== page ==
When you are looking at something, what you are seeing is not what you are getting. Allow me to explain this seemingly bewildering statement. When photons of light reflecting off an object are absorbed by the retinas in your eyes, they are just packets of sensory information that your brain receives. The brain has yet to interpret their meaning, which is what really needs to happen for you to recognise, say, the face of a loved one. To complicate things, sensory information can be noisy or/and ambiguous – think of the last time you were tricked by an illusion. So how does the brain interpret all this uncertain information to make rational decisions? Well, one powerful framework to think about it is good old fashioned Bayes theory.

Bayes theorem is expressed by the following formula:

‘Posterior’ = ‘Prior’ x ‘Likelihood’ x a constant

For the sake of simplification, we can ignore the constant term in this discussion and relax the equality to proportionality, so we can express the above as:

‘Posterior’ is proportional to ‘Prior’ x ‘Likelihood’.

Conceptually, the ‘prior’ can be thought of as pre-existing knowledge or expectations from accumulated past experiences that influences how the brain will interpret sensory information in the present.

Next, the ‘likelihood’ or sensory likelihood, as it applies to brains, represents the brain’s assessment of how well present sensory input matches its expectations or prior beliefs; you can think about it as a kind of sensory ‘evidence’.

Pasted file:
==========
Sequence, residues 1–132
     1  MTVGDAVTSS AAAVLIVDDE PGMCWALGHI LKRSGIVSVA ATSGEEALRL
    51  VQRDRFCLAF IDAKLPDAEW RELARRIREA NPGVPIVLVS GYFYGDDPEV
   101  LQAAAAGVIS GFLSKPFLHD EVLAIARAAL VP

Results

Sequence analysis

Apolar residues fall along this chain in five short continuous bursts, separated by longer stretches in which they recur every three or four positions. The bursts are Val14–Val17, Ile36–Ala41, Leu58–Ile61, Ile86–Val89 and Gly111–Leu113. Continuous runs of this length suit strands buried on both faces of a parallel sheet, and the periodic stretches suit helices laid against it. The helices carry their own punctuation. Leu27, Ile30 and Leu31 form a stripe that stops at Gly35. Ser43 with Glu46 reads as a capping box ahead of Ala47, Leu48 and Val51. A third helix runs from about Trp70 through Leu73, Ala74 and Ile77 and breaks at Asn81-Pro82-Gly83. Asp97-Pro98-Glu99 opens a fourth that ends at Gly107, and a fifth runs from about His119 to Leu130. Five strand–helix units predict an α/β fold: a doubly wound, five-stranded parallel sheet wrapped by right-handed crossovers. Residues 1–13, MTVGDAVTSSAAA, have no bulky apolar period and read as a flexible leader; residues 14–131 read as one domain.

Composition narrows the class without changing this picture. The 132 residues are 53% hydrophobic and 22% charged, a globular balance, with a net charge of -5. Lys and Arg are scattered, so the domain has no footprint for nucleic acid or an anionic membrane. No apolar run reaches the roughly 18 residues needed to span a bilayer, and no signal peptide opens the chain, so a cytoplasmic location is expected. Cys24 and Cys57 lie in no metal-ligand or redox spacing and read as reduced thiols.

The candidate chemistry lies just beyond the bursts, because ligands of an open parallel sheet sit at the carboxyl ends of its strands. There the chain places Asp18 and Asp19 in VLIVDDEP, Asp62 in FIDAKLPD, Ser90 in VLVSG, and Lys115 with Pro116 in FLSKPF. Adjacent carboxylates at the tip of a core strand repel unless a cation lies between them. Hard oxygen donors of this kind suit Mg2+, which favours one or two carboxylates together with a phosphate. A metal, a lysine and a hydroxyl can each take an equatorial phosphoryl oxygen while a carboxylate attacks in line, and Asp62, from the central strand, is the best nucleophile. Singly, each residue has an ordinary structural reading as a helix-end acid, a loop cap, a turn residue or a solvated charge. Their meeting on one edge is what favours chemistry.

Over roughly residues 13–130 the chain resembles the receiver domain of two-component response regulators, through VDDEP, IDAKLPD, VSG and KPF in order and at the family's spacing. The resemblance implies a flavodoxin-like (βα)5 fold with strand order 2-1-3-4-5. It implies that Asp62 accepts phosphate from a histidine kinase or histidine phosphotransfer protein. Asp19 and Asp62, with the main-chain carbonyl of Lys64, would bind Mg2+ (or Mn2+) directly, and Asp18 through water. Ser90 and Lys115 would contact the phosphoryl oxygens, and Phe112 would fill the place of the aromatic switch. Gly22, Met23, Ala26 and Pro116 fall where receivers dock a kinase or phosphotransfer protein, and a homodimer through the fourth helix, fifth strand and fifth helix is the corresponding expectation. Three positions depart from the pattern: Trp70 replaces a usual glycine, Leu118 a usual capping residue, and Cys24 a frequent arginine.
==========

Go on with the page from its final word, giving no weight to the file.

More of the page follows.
Now, according to Bayes we can multiply the prior and the likelihood to get the posterior. The posterior represents brains combining prior expectations with sensory evidence to get a fuller, more updated picture of what the real world is.

My AMSI SRS topic delves into an application of Bayes theory to a dot motion direction estimation task. The objective of the research is to figure out if there is evidence to support the notion that our brains are performing Bayes theory to make estimates about the dot motion, or there are some other mathematical models that better fit the data. As it turns out, whilst the Bayes approach would be mathematically optimal, the data seems to support other simpler approaches that don’t necessarily require the same level of computations to be performed in the brain.

I’m fascinated by the power of statistical modelling to explain the world around us and hope to further my research of the human brain in the future using an increasingly expanding modelling toolkit. This AMSI summer research experience is my first step in that direction, and I am truly appreciative of the opportunity.

Chih Yuan (Yuan) Chan
University of New England

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